Tuesday, June 15, 2010

Man and his Symbols by Carl Gustav Jung

Reviewed by Connie

Published: 1964

It's about: This book is the encapsulation of the theories of famous psychologist, Carl Jung, written in a form intended for generally audiences as opposed to fellow psychologists. It is the last work Jung was working on before he died, and it addresses his key theories about the collective unconscious, archetypes, the process of individuation, and what we can learn from dream analysis.

Jung was Sigmund Freud's protege, but he broke away from many of Freud's beliefs, especially his overemphasis on the role of the sexual. Jung argues instead that we all draw from a collective unconscious, a shared collection of experiences that manifest themselves through archetypes in our daily lives. He also believes that man's number one, innate desire is to achieve wholeness (a process which he calls individuation), and the only ways to do this are to confront suppressed bits of our psyche in our unconscious.

I thought: Although that summary must sound very boring, it just goes to show that Jung and his associates who wrote this book are much better and more interesting writers than I am, because this is a very engaging read. I originally checked this book out of the library to assist in writing a rather boring research paper, intending merely to skim through it to get the "jist" of his theories, but I found myself reading the entire thing out of pure interest.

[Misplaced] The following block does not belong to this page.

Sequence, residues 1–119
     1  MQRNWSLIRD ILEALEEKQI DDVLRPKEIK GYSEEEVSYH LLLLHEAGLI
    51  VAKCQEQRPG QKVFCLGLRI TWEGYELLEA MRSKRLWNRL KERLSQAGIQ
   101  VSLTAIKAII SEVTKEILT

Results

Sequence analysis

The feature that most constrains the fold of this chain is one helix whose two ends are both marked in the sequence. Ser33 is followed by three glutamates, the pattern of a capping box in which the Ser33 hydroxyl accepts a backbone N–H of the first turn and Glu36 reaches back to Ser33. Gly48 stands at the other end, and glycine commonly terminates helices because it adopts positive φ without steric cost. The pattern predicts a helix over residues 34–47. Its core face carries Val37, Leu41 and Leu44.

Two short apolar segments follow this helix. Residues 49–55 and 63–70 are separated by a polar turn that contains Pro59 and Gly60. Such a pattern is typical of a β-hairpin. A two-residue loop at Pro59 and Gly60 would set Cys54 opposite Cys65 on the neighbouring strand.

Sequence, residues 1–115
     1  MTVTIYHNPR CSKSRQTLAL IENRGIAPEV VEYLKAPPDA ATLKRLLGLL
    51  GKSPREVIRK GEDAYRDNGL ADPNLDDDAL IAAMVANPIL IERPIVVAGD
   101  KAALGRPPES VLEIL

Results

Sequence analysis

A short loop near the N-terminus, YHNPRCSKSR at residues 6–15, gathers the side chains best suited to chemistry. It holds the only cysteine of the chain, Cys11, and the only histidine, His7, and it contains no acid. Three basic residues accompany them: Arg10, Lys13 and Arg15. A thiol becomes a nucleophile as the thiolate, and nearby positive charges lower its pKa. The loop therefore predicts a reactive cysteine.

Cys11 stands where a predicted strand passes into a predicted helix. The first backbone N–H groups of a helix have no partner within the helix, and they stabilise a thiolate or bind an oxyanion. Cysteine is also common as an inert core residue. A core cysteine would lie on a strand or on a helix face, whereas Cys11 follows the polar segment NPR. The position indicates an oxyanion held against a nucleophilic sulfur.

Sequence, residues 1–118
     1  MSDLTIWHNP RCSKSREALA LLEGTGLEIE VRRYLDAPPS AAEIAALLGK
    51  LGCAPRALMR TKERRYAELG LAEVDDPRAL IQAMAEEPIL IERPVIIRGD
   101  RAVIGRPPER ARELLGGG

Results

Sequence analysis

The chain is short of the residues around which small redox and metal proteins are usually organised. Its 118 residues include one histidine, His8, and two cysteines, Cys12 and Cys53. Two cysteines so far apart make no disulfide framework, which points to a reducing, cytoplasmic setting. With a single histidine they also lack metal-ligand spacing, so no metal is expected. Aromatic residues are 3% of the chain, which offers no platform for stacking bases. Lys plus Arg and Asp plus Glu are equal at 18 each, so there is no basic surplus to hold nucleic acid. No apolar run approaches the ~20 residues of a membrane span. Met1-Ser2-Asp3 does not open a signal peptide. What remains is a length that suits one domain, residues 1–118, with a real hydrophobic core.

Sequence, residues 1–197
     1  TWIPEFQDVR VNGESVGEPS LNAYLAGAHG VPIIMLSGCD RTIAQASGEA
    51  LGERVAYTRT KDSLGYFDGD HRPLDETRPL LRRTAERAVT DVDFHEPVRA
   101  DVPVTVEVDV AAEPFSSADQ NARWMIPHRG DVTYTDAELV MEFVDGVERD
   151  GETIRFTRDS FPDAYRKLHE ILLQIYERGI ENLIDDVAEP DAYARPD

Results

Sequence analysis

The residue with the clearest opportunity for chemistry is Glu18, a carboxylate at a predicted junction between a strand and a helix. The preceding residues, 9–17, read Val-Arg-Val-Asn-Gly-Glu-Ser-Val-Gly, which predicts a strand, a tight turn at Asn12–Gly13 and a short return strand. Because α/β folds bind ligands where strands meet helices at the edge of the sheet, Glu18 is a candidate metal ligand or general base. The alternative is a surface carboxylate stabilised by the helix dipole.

The writing style is easily understandable for those of us who are not well-versed in psychoanalytical jargon, and he peppers his theories with interesting examples of his patients' dreams and how he analyzed them. Though I do not necessarily agree with all of his theories, they are nevertheless interesting and important and influential enoguh to read.

Indeed, if you are interested in the literary world at all, it is incredibly common to come across entire books written as a "Jungian approach to..." In fact, I reviewed a book like this earlier: We: Understanding the Psychology of Romantic Love, a Jungian approach to the myth of Tristan and Isolde.

Verdict: Stick it on the (reference) shelf

Reading Recommendations: Probably don't bother if you have absolutely no interest in psychology or dream analysis. If you're even mildly interested, however, it's worth glancing through, if nothing else.

Warnings: Don't worry. Like I said, he abandoned Freud's obsession with sexuality.